The UK will be changed forever by the coronavirus pandemic, a leading Labour politician has told the BBC.
Shadow Home Secretary Nick Thomas-Symonds told Nick Robinson’s Political Thinking it was “inconceivable” the UK would return to the pre-virus status quo given the “sacrifices” people made.
He also said Labour needed a different message if it was to have any hope of winning power at the next election.
The party had “not connected” with enough people for a decade, he said.
In an interview with the BBC’s Nick Robinson, on his podcast, Mr Thomas-Symonds said the political and economic implications of the pandemic would be profound and his party would have to change to meet them.
“I can think of no comparative period in the post-war era that is anything like this one,” the Torfaen MP, who is one of leader Sir Keir Starmer’s key allies, said.
“You think, for example, of the Coronavirus Act, which I was part of putting on the statute book back in March, and I never thought an act like that would ever go onto the statute book in my time in Parliament, but it did.
“The public responded, made the sacrifices that were required to help themselves and other people. It’s inconceivable to me the country and indeed the wider world will go back to the status quo as it was before this crisis.”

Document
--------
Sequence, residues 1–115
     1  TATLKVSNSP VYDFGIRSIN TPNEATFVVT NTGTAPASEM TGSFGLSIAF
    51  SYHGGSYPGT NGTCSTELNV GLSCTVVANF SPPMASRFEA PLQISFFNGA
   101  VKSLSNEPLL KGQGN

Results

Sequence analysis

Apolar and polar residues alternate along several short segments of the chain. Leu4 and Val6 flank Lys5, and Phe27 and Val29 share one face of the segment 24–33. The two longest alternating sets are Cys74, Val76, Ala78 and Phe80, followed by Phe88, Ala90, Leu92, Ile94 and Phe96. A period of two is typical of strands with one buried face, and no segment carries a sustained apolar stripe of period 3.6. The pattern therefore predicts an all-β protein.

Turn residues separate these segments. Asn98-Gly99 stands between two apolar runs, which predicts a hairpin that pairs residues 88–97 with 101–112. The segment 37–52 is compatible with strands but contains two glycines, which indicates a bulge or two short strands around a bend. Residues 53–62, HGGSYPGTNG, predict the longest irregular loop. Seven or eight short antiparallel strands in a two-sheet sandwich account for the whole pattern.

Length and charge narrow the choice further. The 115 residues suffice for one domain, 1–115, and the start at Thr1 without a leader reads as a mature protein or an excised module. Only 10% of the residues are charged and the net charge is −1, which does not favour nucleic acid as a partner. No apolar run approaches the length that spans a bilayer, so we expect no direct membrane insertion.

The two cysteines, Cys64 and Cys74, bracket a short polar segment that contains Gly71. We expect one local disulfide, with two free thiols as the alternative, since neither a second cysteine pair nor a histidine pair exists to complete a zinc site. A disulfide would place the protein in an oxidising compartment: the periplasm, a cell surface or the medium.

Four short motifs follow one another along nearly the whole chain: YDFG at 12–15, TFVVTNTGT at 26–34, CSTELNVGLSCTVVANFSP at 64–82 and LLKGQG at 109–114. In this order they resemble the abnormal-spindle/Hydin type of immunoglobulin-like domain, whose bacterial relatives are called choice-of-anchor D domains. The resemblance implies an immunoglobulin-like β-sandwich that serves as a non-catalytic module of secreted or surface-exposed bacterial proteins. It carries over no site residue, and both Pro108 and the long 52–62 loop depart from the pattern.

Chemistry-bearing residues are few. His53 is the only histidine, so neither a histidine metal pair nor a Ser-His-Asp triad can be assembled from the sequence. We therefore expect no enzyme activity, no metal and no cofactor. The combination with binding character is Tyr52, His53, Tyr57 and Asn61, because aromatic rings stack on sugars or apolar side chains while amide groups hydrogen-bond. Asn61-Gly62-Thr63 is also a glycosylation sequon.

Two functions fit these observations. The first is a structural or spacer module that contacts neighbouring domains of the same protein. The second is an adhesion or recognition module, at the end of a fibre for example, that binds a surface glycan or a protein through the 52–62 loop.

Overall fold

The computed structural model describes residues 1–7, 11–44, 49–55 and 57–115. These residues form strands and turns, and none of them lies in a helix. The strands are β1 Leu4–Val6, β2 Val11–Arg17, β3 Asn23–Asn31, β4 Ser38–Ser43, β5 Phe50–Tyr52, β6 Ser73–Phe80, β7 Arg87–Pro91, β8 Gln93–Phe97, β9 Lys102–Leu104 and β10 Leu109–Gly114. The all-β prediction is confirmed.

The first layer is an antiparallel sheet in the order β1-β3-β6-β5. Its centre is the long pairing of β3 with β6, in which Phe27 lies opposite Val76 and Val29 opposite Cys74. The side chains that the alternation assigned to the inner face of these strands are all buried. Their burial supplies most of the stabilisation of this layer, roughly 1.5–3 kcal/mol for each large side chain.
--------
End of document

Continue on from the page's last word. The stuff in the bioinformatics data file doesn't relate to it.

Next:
On Labour’s challenge to make itself electable again, Mr Thomas-Symonds said the party clearly had to change course if was to win the next election, due to be held in 2024.
“My strong message going into the next general election will be that Labour will keep you, your family and your community safe.
“I’m afraid having lost four general elections and been rejected comprehensively by the electorate that seems to me a vital message going forward. ‘
He added: “The problem is pretty clear – the policy, the signals, however you wish to characterise it, that we’ve put forward in the general elections of 2010, 2015, 2017 and 2019 clearly have not persuaded sufficient numbers of people to give us a majority in Parliament.
“That’s just unarguable that that has happened. So we haven’t connected with sufficient numbers of people in the way we should have done.”
Political Thinking will be broadcast on Radio 4 on Saturday at 17.30 BST.